For the city’s college students, it had already been an incredibly uncertain time. They spent the last two months stowed away from a dangerous and unpredictable virus, trying to tend to coursework and wondering what the remainder of their college experience might look like. All the while an economic depression looms like a funnel cloud overhead, threatening to touch ground. The deaths of Ahmaud Arbery, Breonna Taylor and George Floyd at the hands of police and self-appointed vigilantes only exacerbated anxieties, adding elements of anguish and anger to their grief.
Some Black college-aged activists, though, are finding purpose and optimism in the streets, joining hundreds of thousands who have shown up in New York City and cities around the world over the two weeks as part the Black Lives Matter movement to protest police brutality.
“The death of George Floyd was really the straw that broke the camel’s back,” said Charlene, who is a 22-year-old medical student at City College in Harlem. Charlene and her friend Joseph, a 21-year-old student studying politics at Queens College (both requested to go by their first names), have been attending the protests in Manhattan, and have found them to be a source of inspiration.
“I’ve been on the ground since Friday night, and it’s truly an extraordinary experience,” said Joseph. “There were so many people, and little kids, as we walked from Harlem to the Lower East Side. That was a 10-mile hike. As we hit the Hudson Parkway highway, I saw many people in the car ... people waving their hand in support.”
Charlene also took part in that protest and spoke in awe of a fellow activist who made that march on crutches.
“You can just imagine having crutches and only one leg to lean,” said Charlene. “Something must really be wrong to have someone protesting for 10 miles on crutches.”
Early in the uprising, cases of looting and vandalism had been reported by news outlets, depicting these protests not as the peaceful demonstrations Charlene and Joseph believe them to be, but as violent riots. These instances resulted in Mayor Bill de Blasio enforcing a city-wide curfew and deploying NYPD in riot gear. This action, advocates argue, escalated tensions and gave police officers the pretext to instigate violence, use excessive force and arrest protesters.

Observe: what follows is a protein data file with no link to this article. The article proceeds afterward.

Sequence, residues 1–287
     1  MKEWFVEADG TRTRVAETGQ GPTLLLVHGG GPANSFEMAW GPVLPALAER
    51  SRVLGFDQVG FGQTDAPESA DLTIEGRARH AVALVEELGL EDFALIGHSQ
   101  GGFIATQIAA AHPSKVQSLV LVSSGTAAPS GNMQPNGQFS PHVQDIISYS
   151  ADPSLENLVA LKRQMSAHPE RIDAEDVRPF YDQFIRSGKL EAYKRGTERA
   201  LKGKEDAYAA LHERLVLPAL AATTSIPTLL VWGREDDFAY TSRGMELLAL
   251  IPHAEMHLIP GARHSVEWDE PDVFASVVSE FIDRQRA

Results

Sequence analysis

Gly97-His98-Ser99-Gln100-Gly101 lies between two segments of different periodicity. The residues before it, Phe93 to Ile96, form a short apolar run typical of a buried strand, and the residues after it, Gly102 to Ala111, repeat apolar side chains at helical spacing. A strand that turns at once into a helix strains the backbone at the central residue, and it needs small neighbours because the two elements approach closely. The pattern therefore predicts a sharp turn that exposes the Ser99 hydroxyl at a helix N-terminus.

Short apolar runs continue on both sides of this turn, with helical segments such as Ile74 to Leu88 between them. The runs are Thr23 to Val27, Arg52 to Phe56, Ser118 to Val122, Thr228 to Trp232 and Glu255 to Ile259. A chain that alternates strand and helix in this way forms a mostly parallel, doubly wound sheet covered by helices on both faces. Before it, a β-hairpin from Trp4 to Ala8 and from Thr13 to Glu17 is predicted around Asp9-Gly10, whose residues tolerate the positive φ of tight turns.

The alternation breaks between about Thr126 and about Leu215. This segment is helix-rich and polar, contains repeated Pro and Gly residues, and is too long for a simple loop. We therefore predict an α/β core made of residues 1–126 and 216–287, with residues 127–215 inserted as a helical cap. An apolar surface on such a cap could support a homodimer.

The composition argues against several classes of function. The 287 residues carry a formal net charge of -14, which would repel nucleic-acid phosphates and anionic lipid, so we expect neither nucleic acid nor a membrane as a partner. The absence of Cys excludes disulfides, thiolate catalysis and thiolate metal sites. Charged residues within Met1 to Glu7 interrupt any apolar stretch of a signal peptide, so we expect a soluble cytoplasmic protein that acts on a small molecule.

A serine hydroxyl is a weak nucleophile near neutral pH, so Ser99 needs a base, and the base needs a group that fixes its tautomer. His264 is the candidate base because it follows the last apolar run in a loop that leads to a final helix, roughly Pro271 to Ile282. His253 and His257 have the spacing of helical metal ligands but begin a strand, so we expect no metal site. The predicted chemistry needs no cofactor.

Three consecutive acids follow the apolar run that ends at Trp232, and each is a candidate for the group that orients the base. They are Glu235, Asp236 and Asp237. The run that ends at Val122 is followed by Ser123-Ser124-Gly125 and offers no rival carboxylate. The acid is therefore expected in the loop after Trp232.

Viral videos showing police officers beating protesters with batons and tackling them to the ground with no apparent rationale made the rounds on social media, making protesters’ case that police should be held accountable ever more salient.
Charlene and Joseph said they did not witness any violence by protesters or police during this time, but Charlene said some officers exhibited a chilling callousness. She said she witnessed a protester trying to engage in a conversation with officers about her deceased boyfriend, a Black man she said had been shot and killed by police. Charlene said the police laughed at the women, and didn’t offer her compassion.
“In that moment, to me that was so sick,” said Charlene. “I was so surprised and honestly disgusted by that interaction.”
“They Would Not Leave Us Alone”
As Black New Yorkers, Charlene and Joseph both said they’ve been targeted and treated unfairly by the NYPD in the past. For Joseph, he said he first felt the issue of systemic racism among police when he moved from a predominately white neighborhood in Queens to East Flatbush. He said one day a police cruiser followed him and a friend as they walked the neighborhood, later ambushing them at a corner and interrogating them about an incident Joseph said he knew nothing about.
In Charlene’s case, she said seven police officers showed up to her apartment in Harlem, saying they received a noise complaint and demanded that Charlene and her roommates prove that the apartment was in fact their residence.
“Even though we said we were students at City College and renting this apartment, they would not leave us alone until we showed them the lease that had our names on it,” she said.
The pair said that they do believe police reform is possible in New York City and the United States more broadly. They said reform begins in New York with the repeal of 50-A, a state law that deems personnel records — and misconduct reports — of police officers confidential and not subject to public scrutiny.
“New York is probably one of the worst in the nation in terms of hiding police misconduct,” said Charlene.
They would also like to see significant cuts to the NYPD budget, and those funds invested back into communities of color.
In the past, the proclamation of “Black Lives Matter” has been one of controversy. But Joseph and Charlene have felt a shift in the perception of this movement, and a chance to make tangible change, in part thanks to the pandemic.
“A lot of people have been brought to a state where they’re more conscious of what’s going on politically,” said Joseph. “The fact that everybody’s in tune with everything that’s going on because we’ve been confined kind of has built a greater momentum. It’s causing us to burst out.”
New York City has never been more united than in this moment of protest, said Charlene.
“At the protests, you see people who don’t even look like me but they’re just as energized as me,” she said. “I’m not expecting things to go back to normal. I don’t think that things can go back to normal.”
“I’ve been on the ground since Friday night, and it’s truly an extraordinary experience. There were so many people, and little kids, as we walked from Harlem to the Lower East Side.” Joseph, a NYC college student